And now, even though violists are uniformly superb technicians, the underdog jokes still have free range. But the resident band’s principal bass Dennis Trembly says these gags are an even more apt fit for his instrument, the largest of the strings. For instance:
What’s the difference between violins and violas? One has more wood.
“That belongs precisely to the bass,” he says with a laugh.
But then there’s the French horn. No one makes fun of that player. “We all feel sorry for him,” says Epstein, who has seen many come and go.
“It’s like being an aerialist walking a high-wire — all exposed,” says Neil Kimel, hornist for the Chicago Lyric Opera Orchestra. “And we’re known for playing wrong notes,” adding that Mozart’s “The Musical Joke” was written in deliberately wrong notes. “Of course we try to fight the bad image by not making those bloopers.”
Where all these stereotypes get started and keep on going is easy to decipher, according to retired L.A. Phil violinist T.K. Wang. He belongs to a class of social commentators that sees orchestra personnel issues broadly.
“They’re all segregationist problems,” he says. “A factions fight. And making fun of our differences fits the times because orchestras can be seen like the U.S. government now, one side against another.”
He cites the brass section as the most politically conservative. “It was never on the side of peace and freedom,” he says, recalling that years ago the orchestra got together a petition supporting Amnesty International, to ask only that governments around the world protect music ensembles from repression.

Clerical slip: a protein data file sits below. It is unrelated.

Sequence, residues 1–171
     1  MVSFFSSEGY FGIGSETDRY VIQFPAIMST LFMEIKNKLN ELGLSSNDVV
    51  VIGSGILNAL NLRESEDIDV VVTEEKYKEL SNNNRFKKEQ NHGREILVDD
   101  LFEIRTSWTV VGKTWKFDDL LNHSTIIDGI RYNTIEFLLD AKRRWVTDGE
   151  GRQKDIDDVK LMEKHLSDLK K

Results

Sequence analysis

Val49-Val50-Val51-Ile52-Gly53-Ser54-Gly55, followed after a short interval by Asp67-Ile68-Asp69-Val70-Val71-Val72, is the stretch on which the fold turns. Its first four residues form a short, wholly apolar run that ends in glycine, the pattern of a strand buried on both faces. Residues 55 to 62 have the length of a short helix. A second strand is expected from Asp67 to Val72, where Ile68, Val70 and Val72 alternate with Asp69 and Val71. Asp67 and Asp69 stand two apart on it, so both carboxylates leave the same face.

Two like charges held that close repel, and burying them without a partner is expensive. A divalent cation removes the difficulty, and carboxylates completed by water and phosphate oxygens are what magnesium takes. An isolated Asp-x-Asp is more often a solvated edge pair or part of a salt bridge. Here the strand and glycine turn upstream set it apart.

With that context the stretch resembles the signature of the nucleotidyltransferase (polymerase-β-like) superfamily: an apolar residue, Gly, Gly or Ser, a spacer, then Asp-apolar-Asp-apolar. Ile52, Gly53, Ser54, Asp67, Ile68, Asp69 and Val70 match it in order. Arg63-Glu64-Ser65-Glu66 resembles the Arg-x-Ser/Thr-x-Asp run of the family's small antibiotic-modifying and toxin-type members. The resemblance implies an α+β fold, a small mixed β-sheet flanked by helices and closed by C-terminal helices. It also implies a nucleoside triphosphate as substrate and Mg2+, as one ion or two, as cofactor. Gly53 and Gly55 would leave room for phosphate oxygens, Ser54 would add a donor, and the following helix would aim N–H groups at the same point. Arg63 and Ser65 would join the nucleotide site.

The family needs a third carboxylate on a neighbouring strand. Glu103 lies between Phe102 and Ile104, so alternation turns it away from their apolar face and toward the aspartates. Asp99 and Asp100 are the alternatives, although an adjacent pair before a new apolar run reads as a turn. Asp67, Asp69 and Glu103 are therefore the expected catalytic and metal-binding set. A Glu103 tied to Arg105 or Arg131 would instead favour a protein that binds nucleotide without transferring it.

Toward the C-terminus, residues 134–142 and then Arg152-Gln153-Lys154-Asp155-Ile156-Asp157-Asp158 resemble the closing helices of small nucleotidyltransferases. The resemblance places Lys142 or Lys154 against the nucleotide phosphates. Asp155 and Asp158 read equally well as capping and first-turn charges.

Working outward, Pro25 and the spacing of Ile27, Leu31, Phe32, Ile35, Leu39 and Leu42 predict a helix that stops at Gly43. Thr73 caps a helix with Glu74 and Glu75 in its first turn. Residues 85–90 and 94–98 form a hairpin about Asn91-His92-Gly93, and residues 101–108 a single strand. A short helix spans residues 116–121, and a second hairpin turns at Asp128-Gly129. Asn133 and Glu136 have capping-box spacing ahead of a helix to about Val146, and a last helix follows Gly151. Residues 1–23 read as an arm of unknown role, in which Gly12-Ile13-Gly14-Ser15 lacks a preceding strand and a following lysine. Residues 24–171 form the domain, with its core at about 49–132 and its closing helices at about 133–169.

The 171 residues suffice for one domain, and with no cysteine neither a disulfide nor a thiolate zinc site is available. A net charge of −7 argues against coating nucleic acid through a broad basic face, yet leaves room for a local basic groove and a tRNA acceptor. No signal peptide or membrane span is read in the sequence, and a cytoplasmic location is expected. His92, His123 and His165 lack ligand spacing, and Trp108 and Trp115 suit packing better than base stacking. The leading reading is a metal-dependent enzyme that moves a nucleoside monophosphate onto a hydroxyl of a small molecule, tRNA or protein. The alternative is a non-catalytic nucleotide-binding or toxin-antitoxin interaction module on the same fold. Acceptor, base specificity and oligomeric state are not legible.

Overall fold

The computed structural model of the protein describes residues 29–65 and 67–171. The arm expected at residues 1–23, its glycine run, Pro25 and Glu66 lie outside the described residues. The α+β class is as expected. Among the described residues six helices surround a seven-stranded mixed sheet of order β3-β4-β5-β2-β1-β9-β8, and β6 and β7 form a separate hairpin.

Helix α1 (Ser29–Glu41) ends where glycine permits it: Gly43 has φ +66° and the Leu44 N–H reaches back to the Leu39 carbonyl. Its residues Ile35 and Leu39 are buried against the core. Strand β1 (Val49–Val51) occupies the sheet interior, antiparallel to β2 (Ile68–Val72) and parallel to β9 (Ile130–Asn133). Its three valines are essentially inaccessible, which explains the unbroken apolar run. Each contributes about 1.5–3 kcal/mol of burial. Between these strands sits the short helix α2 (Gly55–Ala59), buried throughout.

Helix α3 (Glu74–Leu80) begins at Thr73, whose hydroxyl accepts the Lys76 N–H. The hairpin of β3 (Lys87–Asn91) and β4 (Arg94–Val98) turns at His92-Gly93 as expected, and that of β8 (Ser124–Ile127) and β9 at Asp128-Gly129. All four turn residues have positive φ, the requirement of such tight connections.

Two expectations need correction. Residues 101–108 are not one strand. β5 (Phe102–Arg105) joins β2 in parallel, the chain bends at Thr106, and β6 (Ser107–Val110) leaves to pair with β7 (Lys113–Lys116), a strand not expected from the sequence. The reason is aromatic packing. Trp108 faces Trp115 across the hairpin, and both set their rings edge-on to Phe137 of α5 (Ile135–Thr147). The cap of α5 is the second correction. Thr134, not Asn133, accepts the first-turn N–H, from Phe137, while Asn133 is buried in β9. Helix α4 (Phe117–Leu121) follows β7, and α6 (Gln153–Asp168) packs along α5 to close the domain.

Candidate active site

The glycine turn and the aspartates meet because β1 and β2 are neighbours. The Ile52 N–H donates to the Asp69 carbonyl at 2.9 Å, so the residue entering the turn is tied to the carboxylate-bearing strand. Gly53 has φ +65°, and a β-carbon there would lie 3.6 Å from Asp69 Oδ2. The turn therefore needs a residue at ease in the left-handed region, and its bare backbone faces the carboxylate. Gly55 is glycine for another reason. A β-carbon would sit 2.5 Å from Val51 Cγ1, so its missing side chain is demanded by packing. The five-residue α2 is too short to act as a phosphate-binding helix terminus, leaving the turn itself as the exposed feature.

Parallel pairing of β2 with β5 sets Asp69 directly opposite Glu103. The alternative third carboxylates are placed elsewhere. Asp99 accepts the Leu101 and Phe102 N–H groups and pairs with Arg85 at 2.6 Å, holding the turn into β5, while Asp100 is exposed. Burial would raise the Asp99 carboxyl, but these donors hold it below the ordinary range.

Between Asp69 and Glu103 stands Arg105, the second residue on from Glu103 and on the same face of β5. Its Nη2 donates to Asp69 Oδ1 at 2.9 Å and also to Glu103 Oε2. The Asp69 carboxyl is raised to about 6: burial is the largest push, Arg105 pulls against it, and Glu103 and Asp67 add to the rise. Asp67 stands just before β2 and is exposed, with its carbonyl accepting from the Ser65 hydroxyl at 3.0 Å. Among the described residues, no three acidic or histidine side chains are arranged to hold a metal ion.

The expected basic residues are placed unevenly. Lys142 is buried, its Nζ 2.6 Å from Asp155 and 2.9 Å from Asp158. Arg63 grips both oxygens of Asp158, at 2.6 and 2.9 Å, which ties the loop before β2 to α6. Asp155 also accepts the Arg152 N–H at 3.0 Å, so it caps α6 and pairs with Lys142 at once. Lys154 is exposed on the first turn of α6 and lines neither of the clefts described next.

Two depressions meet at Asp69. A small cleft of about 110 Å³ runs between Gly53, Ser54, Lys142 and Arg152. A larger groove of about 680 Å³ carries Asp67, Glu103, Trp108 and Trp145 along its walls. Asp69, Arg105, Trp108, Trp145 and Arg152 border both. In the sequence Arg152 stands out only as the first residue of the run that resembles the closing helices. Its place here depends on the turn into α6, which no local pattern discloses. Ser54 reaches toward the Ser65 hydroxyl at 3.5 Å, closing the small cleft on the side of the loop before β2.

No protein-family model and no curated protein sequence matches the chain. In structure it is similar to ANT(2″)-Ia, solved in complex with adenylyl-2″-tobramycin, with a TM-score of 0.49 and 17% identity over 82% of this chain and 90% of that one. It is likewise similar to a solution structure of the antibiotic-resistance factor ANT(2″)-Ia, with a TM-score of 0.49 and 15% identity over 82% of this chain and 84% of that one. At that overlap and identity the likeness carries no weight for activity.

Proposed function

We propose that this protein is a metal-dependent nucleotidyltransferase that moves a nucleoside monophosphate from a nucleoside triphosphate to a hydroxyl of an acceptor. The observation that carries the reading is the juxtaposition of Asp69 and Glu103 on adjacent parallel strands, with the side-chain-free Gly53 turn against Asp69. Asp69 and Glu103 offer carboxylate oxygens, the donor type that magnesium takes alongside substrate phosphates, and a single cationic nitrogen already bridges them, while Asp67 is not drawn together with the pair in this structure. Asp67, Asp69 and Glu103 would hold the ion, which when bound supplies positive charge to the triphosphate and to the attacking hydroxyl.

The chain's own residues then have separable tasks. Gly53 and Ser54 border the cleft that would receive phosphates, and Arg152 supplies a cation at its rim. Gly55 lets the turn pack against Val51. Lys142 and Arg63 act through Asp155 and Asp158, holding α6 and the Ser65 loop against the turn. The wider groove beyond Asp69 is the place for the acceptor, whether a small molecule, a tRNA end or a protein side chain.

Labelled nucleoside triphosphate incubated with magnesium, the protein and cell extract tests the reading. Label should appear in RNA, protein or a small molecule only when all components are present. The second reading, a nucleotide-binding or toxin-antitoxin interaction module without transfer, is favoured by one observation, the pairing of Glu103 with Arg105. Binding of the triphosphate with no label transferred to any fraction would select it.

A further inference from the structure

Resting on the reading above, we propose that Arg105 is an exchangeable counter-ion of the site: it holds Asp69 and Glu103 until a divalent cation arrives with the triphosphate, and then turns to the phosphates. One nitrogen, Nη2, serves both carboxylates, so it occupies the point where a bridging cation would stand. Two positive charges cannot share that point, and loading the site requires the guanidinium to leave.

“The brass would not sign it,” he says. “The irony was that the only nation that repressed orchestras was Russia” — which put the rabid anti-Communist musicians on the same side as the then-Soviet Union.
“Most musicians are liberals, except for the brass,” Wang adds. “The only guy from that section I ever knew to be other than arch-conservative was tuba player Roger Bobo.”
But trombonist Bob Weisman, who hails from the Hong Kong Symphony and says he holds progressive views, disputes that notion. “My close friends and colleagues, trumpeters, couldn’t be more humanistic in their outlook. True, musically the brass are assertive and loud, most of the time. That’s what makes us fearsome.”
Wang agrees: “We’re all afraid of them,” he says. “You know, they’re like SUVs compared to our little cars. They can blow us off the road.”
Whether because of differences in personal style or political stance there’s a bit of exaggeration that goes on in all these matters.
For instance, most players wear earplugs in order to protect their hearing. Epstein attests to the “two baskets backstage, one filled with plugs, one with cough drops” where all arm themselves before heading onstage. Ghez mentions custom plugs, molded to the wearer’s ear. She says all players put markings in the scores, to indicate when to insert them.
Trembly talks about needing plugs when he’s “near piccolos and their high piercing tones.” Pereira uses them when he’s “at ear level with timpani.”
And then there’s the issue of how individual orchestra members regard their roles.
“I think of percussion players as soloists,” Pereira says, “because mostly, it’s one at a time.”
“A percussionist making music with a hundred others is like stopping at a light in your car and waiting after it turns green to see what else is happening at the cross-section before you go, trying to gauge the rhythm and pitch.”
With all the seeming desire for section players to eye one another as combatants, even in good humor, they certainly live for bigger visions than that.
“In the end,” says Weisman, “we put all these little skirmishes aside and sit down together to make beautiful music. You can tell how true this is when a brass soloist gets a foot shuffle [applause] from the string players. That’s a celebration! One we live for.”